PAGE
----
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Dane County
(Town of York)
York Center Cemetery
Tombstone Photos

These photos were generously taken and contributed to these pages by Larry & Linda Kopet!   Please take a moment to thank them for this terrific resource!  Use your back browser button to return to this page. Please note that these generous contributions do not necessarily depict all tombstone photographs for a given cemetery.

Beitz, Frank
Blake, Fannie E.
Blake, Fannie E. and Emma A.
Blake, Susan E.
Blake, Susan E. Saunders
Blake, Worcester B.
Bradley, James
Bromley, Ethelburt and Nelson
Brown, William and Euphrosyne
Burick, Nelson E. and Ethel
Chaplin, Amelia and Emilie L..
Chaplin, Silas and Sarah M.
Cole, W. Harrison and Emily D.
Cripps, Elmer F. and Louise A.
Cripps, Emma
Cripps, Wm. A.
Dawson, Mary and Angela
Dodge, Harriet S.
Dodge, Lettie
Dodge, Willis D.
Douglas, Beatrice
Douglas, Caroline H.
Douglas, Caroline M.
Douglas, Wm.
Douglass, Hiram J. and Cordeli
Edwards, Thomas
Grubb, William H. and Agnes
Hall, Rosamond
Harrington, Esther
Johnson, Emely
Johnson, John
Johnson, Mary E.
Johnson, Nellie and Delphine
Knapp, Zenos H.
Meadows, William H.
Michalski, John and Janette
Mills, Ada E.
Mills, Grace E.
Mitchell, Harriet Vesper
Mitchell, Joseph
Mitchell, Julia and unclear
Moore, children
Nelson, Elizabeth
Nordins, Mary
Norton, John H. and Inez M.
Packel, Julius and Cora E. Cri
Parker, Erastus L.
Pearsall, Vera L.
Pelton, F.
Pelton, Ithamer and Pleiades
Ryder, Willet and Maria L.
Schueler, Leonard A. and Laura
Seaver, Henry
Shepard, children
Shepard, Elmer E.
Shepard, L. S.
Sherburne, Wilshire
Sherman, Hannah J.
Smith, John
Smith, Sahl
Stevens, James and Lois L.
Vangaasbeek, E. Cyrina Wood
Vangaasbeek, Peter
Vangaasbeek, Phebe
Wakeham, Charles and Annie
Ware, Frances L.
Wilcox, Ada O.
Wilcox, Edmund
Wild, Roy E. and Vera L.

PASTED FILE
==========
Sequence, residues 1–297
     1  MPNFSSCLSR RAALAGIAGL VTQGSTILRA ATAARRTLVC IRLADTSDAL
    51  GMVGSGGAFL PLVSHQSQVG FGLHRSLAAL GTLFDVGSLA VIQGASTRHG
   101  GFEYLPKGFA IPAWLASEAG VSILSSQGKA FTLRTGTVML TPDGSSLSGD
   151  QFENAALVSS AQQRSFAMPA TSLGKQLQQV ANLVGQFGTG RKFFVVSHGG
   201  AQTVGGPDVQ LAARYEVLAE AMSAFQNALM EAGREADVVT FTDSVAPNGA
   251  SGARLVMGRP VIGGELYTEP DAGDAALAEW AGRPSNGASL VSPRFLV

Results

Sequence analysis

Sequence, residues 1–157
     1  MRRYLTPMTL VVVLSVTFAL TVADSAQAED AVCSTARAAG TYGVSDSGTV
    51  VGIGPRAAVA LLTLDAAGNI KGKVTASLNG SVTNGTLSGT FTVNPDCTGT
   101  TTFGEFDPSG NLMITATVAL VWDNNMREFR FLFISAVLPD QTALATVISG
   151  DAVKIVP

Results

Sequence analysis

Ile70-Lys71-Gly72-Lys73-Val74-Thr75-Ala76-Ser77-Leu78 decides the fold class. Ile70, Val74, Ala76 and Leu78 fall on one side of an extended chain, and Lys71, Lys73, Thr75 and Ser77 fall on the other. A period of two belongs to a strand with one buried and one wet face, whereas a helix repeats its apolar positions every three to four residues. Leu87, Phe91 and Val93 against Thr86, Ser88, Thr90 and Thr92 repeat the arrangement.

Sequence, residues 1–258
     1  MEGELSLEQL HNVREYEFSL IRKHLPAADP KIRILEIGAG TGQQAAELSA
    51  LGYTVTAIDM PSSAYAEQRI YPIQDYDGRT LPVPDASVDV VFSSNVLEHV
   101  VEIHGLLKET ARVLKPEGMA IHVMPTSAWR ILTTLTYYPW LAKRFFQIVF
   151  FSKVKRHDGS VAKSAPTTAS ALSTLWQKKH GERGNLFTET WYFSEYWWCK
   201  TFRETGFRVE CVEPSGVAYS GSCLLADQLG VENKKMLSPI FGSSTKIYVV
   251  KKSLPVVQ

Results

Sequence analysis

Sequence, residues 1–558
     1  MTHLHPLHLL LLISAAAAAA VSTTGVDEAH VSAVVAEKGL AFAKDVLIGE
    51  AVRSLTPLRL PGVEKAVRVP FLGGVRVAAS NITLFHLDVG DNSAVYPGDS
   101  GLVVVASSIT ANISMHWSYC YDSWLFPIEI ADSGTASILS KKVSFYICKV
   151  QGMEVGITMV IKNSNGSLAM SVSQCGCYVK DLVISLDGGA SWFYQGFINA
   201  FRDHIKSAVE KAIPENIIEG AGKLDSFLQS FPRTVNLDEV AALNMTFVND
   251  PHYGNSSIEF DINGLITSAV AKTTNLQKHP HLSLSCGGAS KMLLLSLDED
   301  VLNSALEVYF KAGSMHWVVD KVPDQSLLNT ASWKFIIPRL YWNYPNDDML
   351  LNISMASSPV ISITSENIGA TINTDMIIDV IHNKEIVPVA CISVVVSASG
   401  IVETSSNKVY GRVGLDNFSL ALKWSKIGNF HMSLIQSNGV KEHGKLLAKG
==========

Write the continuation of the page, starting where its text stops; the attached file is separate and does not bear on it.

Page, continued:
Wood, Daniel and Caroline
Wood, Ira A.
Wood, Malvina
Wood, Moses and wives
Wood, Sarah
Zuelsdorf, Louis J. and Theres

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WISCONSIN MUNICIPALITIES: Cities Towns, and Villages, often referred to as 'municipalities' in Wisconsin law, are the governmental units that relate most directly to citizens' everyday lives.

TOWNS, like counties, were created by the state to provide basic municipal services. Rooted in New England and New York tradition, town government came to Wisconsin with the settlers, but Wisconsin towns were not like their Eastern counterparts that reflected the existing patterns of local settlement. In Wisconsin, towns are geographical subdivisions of counties. Towns originally served (and for the most part they continue to serve) rural areas. Towns govern those areas of Wisconsin not included in the corporate boundaries of cities and villages.

The difference between "township" and "town" often confuses the public. In Wisconsin, "township' refers to the surveyor's township which was laid out to identify land parcels within a county. Theoretically. a township is a square tract of land, measuring six miles on a side for a total of 36 square miles in the unit. Each township is divided into 36 sections. "Town", as the word is used in Wisconsin, denotes a specific unit of government. It's boundaries may coincide with the surveyor's township or it may look quite different. A Town may include one, parts of or several townships.

CITIES and VILLAGES, often referred to as "incorportated areas", govern territory where population is more concentrated. In general, minimum population for incorporation as a village is 150 residents for an isolated village and 2,500 for a metropolitan village located in a more densely settled area. For cities, the minimums are 1,000 and 5,000 respectively. As cities and villages are incorporated, they are carved out of the town territory and become independent units no longer subject to the town's control. The remainder of the town may take on a 'Swiss cheese" configuration as its area is reduced.

[Information above taken from "State of Wisconsin Blue Book 1997-1998"]

ProjectCopyright Notice: These generous contributions do not necessarily depict all tombstone photographs for a given cemetery. The source for many of the cemetery names and placenames on these pages come from Cemetery Locations in Wisconsin, 3rd edition, compiled by Linda M. Herrick and Wendy K. Uncapher. The book is published by Origins at 4327 Milton Ave. Janesville, WI 53546. All files on this site are copyrighted by their creator and/or contributor. They may be linked to but may not be reproduced on another site without specific permission from Tina Vickery [] and/or their contributor. Although public information is not in and of itself copyrightable, the format in which they are presented, the notes and comments, etc., are. It is however, quite permissable to print or save the files to a personal computer for personal use ONLY.

This page was last updated 20 November 2012